• Hosting not one, but two BBQs in the backyard
  • Setting up the backyard for the above, particularly the jade plants and the failed things that we should have not gotten from Buy Nothing
  • Watching Chris haul more things from Buy Nothing, some good (like router) and some not great (like foot spa)
  • That washer/dryer discovery thing
  • Attempt to do laundry at my parents’ place
  • Getting my novel in progress critiqued by an editor, a real one
  • Reforming my people of color writing group and actually having litcrawl
  • Having a writing retreat up in Ukiah with that group and meeting great people
  • Hot springs at Orr Hot Springs and that incident of dropping the car key into the water
  • Letting Chris actually enjoy his time in the hot baths of the hot springs

2018: Making

What was the last thing you made? What materials did you use? Is there something you want to make, but you need to clear some time for it?

In 2010, I made xmas photo. In 2011, I made metaphorical things—that were intentionally symbolic of relationships and history. In 2012, I made ice cream. In 2013, I made design. In 2014, I made “my room”. In 2015, I made the last line of Ice Cream Travel Guide, literally. In 2016, I made my annual holiday video. In 2017, I made another annual holiday video.

Yes, I did make another holiday video. Which was an one-year-delayed reaction to my uncle’s comment during Thanksgiving in 2017 about kneeling in the NFL. “Don’t you think that employees should be fired if they don’t listen to their boss?” he said.

It’s very likely that I said something that rejected his answer. It’s also very likely that my mom being who she is probably interrupted with an obtuse topic, distracting me from answering. But it’s also very true that I held my displeasure. That is, until my aunt suggested to the entire family that we share a video / slideshow about our life in the past year.

But what did I make? It’s a mundane answer for this entry. I don’t want to answer making design. But rather the latest, always, it was making food. Specifically tartine-like scones.

For the last 5 years, ever since a moment of inspiration during a Halloween book club, I have been falling back to the biscuits idea as a way to make something homemade, but also tasty.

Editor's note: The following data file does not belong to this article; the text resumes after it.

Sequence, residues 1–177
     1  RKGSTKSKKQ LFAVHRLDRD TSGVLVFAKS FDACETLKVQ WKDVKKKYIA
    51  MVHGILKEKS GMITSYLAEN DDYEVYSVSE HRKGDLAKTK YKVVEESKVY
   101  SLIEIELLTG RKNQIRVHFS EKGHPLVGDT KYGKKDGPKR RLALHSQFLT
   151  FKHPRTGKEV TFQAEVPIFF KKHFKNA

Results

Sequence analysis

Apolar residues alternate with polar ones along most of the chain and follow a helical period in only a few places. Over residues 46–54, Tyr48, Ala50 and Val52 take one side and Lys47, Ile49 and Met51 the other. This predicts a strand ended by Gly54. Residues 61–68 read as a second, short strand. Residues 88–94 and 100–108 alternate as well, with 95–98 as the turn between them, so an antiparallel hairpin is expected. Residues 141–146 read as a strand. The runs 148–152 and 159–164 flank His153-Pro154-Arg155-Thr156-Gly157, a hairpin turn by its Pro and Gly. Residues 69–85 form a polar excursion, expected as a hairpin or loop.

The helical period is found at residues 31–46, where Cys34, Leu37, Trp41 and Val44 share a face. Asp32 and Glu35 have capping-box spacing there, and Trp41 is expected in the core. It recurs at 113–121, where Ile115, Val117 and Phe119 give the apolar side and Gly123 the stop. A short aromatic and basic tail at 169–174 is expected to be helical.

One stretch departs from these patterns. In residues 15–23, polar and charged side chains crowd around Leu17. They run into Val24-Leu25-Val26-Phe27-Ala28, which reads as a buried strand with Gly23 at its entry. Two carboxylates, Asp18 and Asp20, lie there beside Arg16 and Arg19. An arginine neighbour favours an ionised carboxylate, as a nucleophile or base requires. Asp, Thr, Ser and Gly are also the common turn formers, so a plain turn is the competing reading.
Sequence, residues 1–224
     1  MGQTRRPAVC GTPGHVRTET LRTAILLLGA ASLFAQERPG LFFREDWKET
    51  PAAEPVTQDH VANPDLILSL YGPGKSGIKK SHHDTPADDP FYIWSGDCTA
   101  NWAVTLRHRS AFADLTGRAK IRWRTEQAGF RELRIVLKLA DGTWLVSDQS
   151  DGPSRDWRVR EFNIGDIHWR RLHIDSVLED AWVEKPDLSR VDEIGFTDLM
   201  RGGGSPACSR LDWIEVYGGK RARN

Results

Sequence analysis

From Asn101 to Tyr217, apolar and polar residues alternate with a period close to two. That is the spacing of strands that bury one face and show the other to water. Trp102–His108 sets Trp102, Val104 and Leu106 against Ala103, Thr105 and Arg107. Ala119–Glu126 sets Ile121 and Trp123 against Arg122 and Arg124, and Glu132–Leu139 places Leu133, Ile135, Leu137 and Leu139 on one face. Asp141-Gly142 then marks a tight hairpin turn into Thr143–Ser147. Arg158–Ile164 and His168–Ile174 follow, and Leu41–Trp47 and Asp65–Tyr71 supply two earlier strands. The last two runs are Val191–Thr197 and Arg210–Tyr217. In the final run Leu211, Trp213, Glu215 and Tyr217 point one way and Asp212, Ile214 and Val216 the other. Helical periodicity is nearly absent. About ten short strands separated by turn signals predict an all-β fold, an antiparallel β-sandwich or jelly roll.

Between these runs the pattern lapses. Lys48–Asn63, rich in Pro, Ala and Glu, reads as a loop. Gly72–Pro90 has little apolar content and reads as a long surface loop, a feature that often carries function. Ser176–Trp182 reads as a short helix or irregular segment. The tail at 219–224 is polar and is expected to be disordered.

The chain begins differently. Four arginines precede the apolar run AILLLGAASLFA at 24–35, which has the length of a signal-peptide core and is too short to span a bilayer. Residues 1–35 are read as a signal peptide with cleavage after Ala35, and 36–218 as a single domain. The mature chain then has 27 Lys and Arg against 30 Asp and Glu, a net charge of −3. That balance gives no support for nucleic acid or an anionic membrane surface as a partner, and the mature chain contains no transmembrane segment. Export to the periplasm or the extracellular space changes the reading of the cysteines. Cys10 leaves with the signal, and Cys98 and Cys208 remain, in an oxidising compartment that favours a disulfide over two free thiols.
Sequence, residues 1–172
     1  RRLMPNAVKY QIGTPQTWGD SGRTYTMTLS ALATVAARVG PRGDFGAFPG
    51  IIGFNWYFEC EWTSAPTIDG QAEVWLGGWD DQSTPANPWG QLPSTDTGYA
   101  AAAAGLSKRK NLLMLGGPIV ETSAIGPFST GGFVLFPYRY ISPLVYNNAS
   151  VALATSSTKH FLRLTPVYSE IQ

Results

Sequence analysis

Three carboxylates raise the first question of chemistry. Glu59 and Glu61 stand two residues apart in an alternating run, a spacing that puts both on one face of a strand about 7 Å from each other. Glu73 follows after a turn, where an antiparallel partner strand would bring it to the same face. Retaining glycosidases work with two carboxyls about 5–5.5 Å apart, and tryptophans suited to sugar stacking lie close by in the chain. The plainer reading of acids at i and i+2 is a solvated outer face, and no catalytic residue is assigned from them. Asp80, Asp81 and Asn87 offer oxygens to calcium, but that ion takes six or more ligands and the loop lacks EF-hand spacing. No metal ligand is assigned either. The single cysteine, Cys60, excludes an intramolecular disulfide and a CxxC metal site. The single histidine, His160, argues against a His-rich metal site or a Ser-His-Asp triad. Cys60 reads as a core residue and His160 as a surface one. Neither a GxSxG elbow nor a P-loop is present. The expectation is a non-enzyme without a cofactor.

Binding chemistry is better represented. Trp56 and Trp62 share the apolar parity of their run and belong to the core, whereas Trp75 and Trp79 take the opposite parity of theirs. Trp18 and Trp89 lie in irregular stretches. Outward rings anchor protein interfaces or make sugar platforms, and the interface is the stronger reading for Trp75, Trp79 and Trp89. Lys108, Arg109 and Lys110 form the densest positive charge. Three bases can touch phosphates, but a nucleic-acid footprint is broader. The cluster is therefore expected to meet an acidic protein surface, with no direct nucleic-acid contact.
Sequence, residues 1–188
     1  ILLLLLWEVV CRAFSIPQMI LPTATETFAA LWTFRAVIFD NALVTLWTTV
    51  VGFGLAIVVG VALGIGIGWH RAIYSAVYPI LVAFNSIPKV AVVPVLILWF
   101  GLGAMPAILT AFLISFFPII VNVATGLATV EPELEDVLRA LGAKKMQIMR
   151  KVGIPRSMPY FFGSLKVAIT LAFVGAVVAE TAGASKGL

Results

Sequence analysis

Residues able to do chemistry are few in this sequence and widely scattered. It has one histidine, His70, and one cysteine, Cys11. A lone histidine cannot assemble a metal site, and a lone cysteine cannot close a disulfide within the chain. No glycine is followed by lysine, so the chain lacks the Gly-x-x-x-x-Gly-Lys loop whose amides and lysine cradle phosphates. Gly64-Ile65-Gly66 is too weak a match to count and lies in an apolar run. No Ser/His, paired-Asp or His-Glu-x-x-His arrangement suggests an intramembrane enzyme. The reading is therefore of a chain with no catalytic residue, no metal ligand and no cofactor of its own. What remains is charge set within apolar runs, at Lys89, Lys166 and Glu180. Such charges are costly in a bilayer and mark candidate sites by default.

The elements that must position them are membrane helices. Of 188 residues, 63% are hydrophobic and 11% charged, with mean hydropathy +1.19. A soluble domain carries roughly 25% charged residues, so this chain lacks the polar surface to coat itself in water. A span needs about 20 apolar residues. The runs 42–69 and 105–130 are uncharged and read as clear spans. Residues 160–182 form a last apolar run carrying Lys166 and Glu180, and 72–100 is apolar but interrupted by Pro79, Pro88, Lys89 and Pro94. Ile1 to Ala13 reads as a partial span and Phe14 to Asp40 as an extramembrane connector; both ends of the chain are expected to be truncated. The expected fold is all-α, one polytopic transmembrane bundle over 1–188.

Because Chris insisted on buying the 2 lb bag of cranberries from Costco for my Thanksgiving cranberry ice cream, I had too much cranberries. Yet, what could I do with them? After some brainstorming (keeping in mind with my ample cupboard of ingredients and past skills), I fell back to the idea of biscuits. Particularly scones.

The last time I had made scones was a slightly disastrous attempt at making fancy scones from a fancy cookbook. Many recipes don’t mention certain techniques like cubing the butter or creaming the butter. Instead, it makes assumptions that the baker knows.

Because I am self-taught, I know absolutely nothing.

And the cookbooks that I love? Or even the recipe blogs? Are the ones imbued with the sensibility of a home cook.

And I have found my perfect recipe. One that has been a cookbook that I have owned for more than 10 years. The Tartine Cookbook. Specifically the recipe for buttermilk scones (usually mixed with berries).

I made it for myself 2 weeks ago, sharing it with nobody except for Chris and myself. I had one everyday on the way to work.

I even had trouble eating my coworker’s scone when she made it for tea time.

Then as a present for my sister, I made buttermilk scones with blueberries. Dashed with Hawaiian sugar with lilikoi (passionfruit) infused sugar mixed with bits of lemongrass.

Although I probably shouldn’t use my (warm hands), I enjoy the process of mixing all the dry ingredients together (flour, baking soda, baking powder, salt, sugar). Then mixing the dry ingredients with the butter, making sure that pieces are only as big as a pea. So I push and rub with my fingers until the mixture resembles a coarse grainy result. It takes me at least 30 minutes to do it, but I find it meditative. Then after that, I pour in the buttermilk, mixing it with a spoon until the dough holds generally together. Then pulling it out to a working surface, I mold it into a rectangle, cutting it into triangles.

Then very important! Freeze! Overnight so that the dought can get that crackly texture.

Before baking, brush with melted butter and sprinkle with sugar.

Bake at 400° for at least 20 minutes. Or at least golden brown. For some reason, I don’t know how to estimate this correctly since the recipe doesn’t give instructions on how to extend the time if the dough is frozen.

And done!

Always fantastic results.

I hope to make this for the new year’s brunch!

If nobody eats it, I will eat it every day. Perhaps this will be a thing. A Sunday bake. For the every day of the week.